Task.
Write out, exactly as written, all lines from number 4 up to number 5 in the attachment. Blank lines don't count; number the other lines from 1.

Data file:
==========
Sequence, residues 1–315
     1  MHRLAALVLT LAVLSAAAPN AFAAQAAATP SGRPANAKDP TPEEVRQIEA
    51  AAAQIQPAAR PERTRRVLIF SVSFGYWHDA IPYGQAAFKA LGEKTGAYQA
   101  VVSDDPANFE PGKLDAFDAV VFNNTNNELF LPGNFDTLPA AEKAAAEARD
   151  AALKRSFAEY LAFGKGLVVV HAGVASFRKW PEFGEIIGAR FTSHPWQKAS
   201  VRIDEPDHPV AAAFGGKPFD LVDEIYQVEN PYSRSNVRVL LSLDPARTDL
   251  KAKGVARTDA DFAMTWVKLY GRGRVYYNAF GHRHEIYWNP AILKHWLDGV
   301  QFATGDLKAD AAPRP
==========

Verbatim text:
   101  VVSDDPANFE PGKLDAFDAV VFNNTNNELF LPGNFDTLPA AEKAAAEARD
   151  AALKRSFAEY LAFGKGLVVV HAGVASFRKW PEFGEIIGAR FTSHPWQKAS